ORGAN ALLOCATION: UNOS Agrees to Need-Based System
The United Network for Organ Sharing ( UNOS) yesterday came a "step closer" to ending a two-year- long dispute with HHS over the nation's organ allocation system when the organization agreed to "expand the geographic areas that guide allocation decision" allowing organs to travel further to reach the sickest patients, the AP/Worcester Telegram & Gazette reports. Under current rules, organ allocation is based more on proximity than patient need. UNOS also agreed to develop a new system to rank patients on waiting lists. Under the proposed system, rankings would be based on "a sophisticated, objective point system," with points given based on symptoms. Patients with the most points would be placed at the top of the list.
The Waiting Game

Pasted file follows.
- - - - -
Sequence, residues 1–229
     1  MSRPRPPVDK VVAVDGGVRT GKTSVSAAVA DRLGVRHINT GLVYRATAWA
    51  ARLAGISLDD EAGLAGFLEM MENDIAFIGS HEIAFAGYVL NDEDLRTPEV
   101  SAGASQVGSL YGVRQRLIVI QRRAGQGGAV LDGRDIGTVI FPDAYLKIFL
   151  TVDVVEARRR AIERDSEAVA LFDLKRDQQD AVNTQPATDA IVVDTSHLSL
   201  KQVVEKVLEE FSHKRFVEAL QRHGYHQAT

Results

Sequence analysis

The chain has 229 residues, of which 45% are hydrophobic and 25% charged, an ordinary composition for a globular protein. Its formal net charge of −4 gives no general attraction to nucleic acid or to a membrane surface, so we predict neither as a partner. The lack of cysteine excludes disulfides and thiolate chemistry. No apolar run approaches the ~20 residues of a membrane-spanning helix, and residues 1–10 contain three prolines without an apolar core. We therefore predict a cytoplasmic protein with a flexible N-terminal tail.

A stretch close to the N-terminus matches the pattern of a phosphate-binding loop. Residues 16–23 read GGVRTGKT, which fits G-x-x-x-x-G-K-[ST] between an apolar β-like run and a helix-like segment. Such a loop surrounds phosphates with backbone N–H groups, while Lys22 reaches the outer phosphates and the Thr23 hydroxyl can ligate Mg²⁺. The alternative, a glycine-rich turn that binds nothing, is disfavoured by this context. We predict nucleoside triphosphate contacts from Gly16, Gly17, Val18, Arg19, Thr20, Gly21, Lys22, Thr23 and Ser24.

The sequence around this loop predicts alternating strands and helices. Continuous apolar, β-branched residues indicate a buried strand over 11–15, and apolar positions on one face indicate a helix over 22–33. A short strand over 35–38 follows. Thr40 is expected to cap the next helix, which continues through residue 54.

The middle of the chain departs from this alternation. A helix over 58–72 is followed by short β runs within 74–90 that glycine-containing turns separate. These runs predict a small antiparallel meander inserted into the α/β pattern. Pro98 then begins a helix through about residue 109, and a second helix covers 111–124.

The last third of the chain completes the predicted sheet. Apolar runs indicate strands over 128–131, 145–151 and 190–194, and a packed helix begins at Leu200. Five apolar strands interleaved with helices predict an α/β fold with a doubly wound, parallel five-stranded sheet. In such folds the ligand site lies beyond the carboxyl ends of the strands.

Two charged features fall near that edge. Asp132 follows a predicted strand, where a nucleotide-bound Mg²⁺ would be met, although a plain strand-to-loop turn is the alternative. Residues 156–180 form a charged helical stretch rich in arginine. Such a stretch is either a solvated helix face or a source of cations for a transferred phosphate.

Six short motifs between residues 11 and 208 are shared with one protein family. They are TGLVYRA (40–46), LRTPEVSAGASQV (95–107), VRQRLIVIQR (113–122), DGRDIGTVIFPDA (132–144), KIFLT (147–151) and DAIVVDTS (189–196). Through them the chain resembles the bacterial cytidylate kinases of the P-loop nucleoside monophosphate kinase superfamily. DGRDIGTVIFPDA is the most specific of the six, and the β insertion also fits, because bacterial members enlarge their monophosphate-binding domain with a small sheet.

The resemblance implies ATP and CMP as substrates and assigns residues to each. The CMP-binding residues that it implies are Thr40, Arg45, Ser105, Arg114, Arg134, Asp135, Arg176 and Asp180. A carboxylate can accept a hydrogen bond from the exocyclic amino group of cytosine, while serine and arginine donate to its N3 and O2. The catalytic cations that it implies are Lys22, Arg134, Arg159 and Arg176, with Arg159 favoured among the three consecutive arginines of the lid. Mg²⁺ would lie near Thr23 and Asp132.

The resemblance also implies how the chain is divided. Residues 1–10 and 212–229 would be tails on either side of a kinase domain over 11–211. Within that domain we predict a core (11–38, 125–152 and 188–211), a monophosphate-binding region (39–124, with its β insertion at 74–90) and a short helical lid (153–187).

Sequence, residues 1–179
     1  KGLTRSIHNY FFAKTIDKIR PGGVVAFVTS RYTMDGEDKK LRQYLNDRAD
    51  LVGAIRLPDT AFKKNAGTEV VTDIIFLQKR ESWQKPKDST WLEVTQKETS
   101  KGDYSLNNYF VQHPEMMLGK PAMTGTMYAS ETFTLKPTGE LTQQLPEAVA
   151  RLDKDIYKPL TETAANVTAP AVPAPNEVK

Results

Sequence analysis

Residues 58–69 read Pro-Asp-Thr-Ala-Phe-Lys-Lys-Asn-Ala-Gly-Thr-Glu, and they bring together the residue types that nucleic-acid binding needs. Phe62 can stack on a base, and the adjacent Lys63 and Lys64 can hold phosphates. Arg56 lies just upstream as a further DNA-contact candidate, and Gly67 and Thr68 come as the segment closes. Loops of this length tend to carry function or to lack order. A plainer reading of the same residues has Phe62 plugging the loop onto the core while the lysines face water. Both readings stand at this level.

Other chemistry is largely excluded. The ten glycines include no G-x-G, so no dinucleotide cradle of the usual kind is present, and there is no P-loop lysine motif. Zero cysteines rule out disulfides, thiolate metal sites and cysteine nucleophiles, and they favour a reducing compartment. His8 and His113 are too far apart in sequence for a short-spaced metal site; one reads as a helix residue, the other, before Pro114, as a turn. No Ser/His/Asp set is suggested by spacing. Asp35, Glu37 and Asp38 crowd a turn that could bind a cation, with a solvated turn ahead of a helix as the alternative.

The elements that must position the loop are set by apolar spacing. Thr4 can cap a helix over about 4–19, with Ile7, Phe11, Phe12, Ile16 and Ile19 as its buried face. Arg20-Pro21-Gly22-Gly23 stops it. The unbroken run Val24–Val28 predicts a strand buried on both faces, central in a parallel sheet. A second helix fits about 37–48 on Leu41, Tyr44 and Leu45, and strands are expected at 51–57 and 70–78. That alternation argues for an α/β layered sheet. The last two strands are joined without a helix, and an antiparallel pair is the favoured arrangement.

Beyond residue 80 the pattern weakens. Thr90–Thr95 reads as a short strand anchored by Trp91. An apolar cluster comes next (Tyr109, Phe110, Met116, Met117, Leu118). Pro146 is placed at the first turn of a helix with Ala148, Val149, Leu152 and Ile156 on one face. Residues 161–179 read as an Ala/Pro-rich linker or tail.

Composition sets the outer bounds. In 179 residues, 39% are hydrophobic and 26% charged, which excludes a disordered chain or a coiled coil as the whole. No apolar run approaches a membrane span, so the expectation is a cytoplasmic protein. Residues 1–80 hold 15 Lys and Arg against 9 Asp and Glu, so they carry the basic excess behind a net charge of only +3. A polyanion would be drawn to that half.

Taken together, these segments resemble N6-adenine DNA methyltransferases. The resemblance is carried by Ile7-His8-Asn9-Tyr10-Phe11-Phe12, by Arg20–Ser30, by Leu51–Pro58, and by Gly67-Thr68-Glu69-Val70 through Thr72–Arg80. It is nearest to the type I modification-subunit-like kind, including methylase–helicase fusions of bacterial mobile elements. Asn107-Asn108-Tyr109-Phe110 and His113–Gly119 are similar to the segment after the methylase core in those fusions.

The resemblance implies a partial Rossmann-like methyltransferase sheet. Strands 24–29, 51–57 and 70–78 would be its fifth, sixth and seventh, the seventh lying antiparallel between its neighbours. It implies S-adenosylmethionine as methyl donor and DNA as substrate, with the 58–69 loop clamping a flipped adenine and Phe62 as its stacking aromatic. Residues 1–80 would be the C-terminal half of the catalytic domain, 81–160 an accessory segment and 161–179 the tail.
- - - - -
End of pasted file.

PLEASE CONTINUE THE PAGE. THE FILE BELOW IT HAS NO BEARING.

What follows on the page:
Currently, UNOS uses a system that places patients in one of four groups, with the length of time spent on the list determining which patient receives an organ. While the new system will evaluate waiting times, they will play a less significant role in determining allocation. Wanting to create a more equitable system, HHS ordered UNOS to create a new system giving preference to the neediest patients. UNOS and some transplant centers balked at the plan, arguing that more locally donated organs would end up going to patients at larger centers with more of the sicker patients. They contended the HHS lacks the authority to change the rules, and Congress twice put a hold on the regulations. With the last moratorium set to expire and Congress poised to take no further action, UNOS convened a special board meeting in Dallas and approved the agreement. UNOS officials pointed out that the new plan was reached after both sides made compromises. In October, HHS revised the regulations to clarify that organs need not be shipped from coast to coast, and stipulated that organs should not be given to "dying patients too sick to benefit" (3/14).